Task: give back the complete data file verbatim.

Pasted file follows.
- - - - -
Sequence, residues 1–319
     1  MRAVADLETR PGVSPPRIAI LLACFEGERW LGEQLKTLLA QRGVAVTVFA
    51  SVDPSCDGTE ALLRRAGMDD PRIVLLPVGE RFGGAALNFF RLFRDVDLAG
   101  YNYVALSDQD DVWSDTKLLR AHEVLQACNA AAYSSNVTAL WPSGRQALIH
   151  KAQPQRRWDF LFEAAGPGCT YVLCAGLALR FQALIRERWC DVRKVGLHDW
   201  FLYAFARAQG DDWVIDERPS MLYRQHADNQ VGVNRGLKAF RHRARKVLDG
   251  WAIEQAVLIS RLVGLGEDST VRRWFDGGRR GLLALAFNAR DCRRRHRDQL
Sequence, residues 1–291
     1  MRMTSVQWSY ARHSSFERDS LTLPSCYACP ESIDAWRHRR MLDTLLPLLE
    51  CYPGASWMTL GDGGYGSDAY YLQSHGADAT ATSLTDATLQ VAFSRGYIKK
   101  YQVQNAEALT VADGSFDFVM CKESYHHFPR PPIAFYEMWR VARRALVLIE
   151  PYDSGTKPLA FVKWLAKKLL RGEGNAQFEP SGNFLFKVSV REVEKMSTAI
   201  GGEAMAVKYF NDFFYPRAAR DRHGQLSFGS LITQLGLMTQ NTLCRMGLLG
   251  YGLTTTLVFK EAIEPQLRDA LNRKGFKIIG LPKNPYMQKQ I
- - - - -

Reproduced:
Sequence, residues 1–319
     1  MRAVADLETR PGVSPPRIAI LLACFEGERW LGEQLKTLLA QRGVAVTVFA
    51  SVDPSCDGTE ALLRRAGMDD PRIVLLPVGE RFGGAALNFF RLFRDVDLAG
   101  YNYVALSDQD DVWSDTKLLR AHEVLQACNA AAYSSNVTAL WPSGRQALIH
   151  KAQPQRRWDF LFEAAGPGCT YVLCAGLALR FQALIRERWC DVRKVGLHDW
   201  FLYAFARAQG DDWVIDERPS MLYRQHADNQ VGVNRGLKAF RHRARKVLDG
   251  WAIEQAVLIS RLVGLGEDST VRRWFDGGRR GLLALAFNAR DCRRRHRDQL
Sequence, residues 1–291
     1  MRMTSVQWSY ARHSSFERDS LTLPSCYACP ESIDAWRHRR MLDTLLPLLE
    51  CYPGASWMTL GDGGYGSDAY YLQSHGADAT ATSLTDATLQ VAFSRGYIKK
   101  YQVQNAEALT VADGSFDFVM CKESYHHFPR PPIAFYEMWR VARRALVLIE
   151  PYDSGTKPLA FVKWLAKKLL RGEGNAQFEP SGNFLFKVSV REVEKMSTAI
   201  GGEAMAVKYF NDFFYPRAAR DRHGQLSFGS LITQLGLMTQ NTLCRMGLLG
   251  YGLTTTLVFK EAIEPQLRDA LNRKGFKIIG LPKNPYMQKQ I